A Nuage cocktail table by Guy de Rougemont, Cassina’s Auckland armchairs, and a vintage stool by Luciano Grassi, Sergio Conti, and Marisa Furlani in the living room; the photographic print on the mantel is by Fan Ho, and the floor lamp is by Christian Liaigre.
When buying trips take them to the city of light, business partners Steven Volpe and Roth Martin unpack their bags in a 19th-century apartment filled with up-to-the-moment style
Get Roth Martin and his business partner, Steven Volpe, talking about the objects in the pied-à-terre they share in Paris, and the stories come out thick and fast. Consider the Irving Penn photograph of a dead mouse, which was bought from the estate of Richard Avedon. Penn’s wife, Lisa Fonssagrives, the original supermodel, spotted the expired rodent on a street of the French capital. "She picked it up with her American Express card, wrapped it in a scrap of newspaper, and took it back to New York," Volpe recounts. Then there is the formidable granite sculpture by Dominique Stroobant. Its official title is Freccia, but its present owners call it the Toe Breaker. As Martin explains with a pained laugh, "The first day it was installed, I woke in the middle of the night and walked straight into it."
Designer Steven Volpe near the 19th-century Paris apartment he shares with
his business partner, Roth Martin.
Partners in Hedge, a San Francisco gallery of 20th-century furniture and decorative arts, the pair has made regular buying trips to Paris ever since Martin, a former biotech executive, enlisted Volpe—a designer with a top-notch Bay City clientele—to decorate his house a few years ago. Before long, the two gentlemen had joined professional forces. "We were spending so much time here, in and out of hotels," Martin says, "that it made sense to buy a flat." They found one in the 7th arrondissement, in a prime location just steps from the Eiffel Tower. It is a quintessentially Parisian space, with boiserie, parquet, and a marble fireplace, and the three bedrooms are perfect for when Martin’s wife, Emily, and their two-year-old son, Harry, come to town. The place also is big enough to handle the three dogs that are occasionally in transatlantic tow.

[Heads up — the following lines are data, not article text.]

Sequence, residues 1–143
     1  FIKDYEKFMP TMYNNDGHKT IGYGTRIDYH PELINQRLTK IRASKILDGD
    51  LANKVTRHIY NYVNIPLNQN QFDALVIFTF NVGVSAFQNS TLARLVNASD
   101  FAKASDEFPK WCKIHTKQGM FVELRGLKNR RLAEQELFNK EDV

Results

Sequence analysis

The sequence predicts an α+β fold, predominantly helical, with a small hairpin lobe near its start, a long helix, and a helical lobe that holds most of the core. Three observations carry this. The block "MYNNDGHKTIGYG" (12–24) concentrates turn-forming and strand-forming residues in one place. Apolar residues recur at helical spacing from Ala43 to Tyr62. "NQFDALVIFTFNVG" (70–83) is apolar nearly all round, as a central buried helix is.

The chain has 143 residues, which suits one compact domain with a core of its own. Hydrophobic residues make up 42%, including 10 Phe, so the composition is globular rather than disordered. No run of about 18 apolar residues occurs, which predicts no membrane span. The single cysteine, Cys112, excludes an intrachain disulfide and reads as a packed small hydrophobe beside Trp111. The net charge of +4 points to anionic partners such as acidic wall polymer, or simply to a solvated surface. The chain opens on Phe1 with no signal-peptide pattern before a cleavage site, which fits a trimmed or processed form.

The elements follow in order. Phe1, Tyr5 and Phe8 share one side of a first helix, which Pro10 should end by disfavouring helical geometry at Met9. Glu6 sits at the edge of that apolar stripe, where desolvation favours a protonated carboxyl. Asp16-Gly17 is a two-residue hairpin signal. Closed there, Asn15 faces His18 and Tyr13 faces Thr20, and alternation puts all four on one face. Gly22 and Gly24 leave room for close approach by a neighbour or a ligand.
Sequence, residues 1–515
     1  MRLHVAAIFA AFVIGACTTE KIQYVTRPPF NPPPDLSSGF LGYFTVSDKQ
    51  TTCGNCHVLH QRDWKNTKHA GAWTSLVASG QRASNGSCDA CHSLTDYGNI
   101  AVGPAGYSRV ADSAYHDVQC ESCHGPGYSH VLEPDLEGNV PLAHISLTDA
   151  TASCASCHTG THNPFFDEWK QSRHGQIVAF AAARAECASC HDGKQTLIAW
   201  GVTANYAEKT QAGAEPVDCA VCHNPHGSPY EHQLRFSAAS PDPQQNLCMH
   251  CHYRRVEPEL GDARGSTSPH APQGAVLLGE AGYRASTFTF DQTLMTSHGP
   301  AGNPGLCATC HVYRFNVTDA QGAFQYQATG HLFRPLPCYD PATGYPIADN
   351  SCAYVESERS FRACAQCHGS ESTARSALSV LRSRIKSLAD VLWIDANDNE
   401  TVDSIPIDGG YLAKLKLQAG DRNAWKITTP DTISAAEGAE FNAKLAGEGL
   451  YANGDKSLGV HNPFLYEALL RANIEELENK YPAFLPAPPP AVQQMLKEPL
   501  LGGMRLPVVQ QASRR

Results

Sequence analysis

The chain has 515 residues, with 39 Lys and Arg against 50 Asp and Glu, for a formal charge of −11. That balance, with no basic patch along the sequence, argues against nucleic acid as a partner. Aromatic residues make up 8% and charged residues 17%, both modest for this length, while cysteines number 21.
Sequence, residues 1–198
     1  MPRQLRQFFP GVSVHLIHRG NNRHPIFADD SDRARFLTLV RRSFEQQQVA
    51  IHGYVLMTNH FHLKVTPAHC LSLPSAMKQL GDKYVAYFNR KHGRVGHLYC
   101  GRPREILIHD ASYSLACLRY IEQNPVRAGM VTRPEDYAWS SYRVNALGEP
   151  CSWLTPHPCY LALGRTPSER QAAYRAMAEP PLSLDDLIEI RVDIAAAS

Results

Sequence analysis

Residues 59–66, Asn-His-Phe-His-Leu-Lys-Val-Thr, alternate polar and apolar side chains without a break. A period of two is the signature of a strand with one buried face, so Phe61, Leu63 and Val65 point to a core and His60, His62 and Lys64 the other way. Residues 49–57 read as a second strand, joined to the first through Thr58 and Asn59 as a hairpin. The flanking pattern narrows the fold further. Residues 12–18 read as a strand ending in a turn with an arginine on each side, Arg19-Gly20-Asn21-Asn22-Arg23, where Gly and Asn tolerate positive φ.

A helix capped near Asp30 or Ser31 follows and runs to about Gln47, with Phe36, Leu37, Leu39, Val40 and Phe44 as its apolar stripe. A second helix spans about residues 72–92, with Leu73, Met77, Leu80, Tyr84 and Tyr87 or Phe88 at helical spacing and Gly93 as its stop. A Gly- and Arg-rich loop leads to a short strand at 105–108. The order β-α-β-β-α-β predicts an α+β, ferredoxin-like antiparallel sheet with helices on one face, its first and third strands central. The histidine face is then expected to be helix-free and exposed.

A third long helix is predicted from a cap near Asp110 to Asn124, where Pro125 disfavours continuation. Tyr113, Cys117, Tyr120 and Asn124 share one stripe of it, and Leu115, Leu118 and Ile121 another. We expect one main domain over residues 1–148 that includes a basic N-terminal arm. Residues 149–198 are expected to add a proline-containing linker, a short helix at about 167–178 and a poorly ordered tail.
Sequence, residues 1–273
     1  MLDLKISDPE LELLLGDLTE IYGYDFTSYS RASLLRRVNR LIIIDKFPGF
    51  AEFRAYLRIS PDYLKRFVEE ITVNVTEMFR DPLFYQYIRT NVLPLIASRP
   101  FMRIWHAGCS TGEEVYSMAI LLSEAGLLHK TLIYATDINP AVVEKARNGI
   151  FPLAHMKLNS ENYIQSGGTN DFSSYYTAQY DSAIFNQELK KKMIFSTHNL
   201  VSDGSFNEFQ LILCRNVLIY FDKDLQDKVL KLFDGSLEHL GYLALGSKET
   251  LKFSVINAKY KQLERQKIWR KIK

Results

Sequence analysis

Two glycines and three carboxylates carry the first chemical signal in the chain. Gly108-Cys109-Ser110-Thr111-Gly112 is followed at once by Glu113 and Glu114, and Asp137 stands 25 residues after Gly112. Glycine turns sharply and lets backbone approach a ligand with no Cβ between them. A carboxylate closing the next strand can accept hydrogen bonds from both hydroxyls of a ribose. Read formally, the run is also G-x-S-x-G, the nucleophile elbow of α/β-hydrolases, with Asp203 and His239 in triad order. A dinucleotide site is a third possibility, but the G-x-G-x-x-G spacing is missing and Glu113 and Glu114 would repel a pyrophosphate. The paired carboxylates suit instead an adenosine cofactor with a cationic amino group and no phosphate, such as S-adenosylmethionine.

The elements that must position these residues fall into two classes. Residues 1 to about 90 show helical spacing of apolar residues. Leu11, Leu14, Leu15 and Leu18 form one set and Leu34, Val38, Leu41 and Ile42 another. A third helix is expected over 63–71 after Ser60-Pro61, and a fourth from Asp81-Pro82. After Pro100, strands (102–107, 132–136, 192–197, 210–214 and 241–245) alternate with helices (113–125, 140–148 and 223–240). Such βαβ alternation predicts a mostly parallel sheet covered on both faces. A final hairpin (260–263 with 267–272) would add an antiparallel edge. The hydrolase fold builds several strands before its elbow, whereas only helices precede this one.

A gelatin-silver photogram by Adam Fuss and
19th-century École des Beaux-Arts student
drawings of floor patterns in the back hall.
The apartment may be roomy, but its space has been judiciously used. One section of the back hall is now an ad hoc library with floor-to-ceiling bookshelves, and a 1950s Gilbert Poillerat drop-leaf dining table is ensconced in the entrance hall. "There’s usually just the two of us here, so it works pretty well," Martin remarks. It also serves as a games table and can easily be moved into what is now a double living room in the event of a dinner party. A neutral palette of grays and whites keeps the residents’ collection of furnishings and art front and center. Volpe and Martin share a taste for midcentury French and Italian designs, including furniture made by Jansen, the Paris firm patronized by everyone from the Belgian royal family to Jacqueline Kennedy. One of its lacquered Egyptian-style tripod stools stands in the living room. "There was a quality, a workmanship, a level of detail that was just really intriguing," declares Volpe of the company. Other well-known names are represented too: wardrobes by André Sornay, a lamp by Marc du Plantier, vintage fabric with Picasso designs, and a trio of small, whimsical Diego Giacometti sculptures.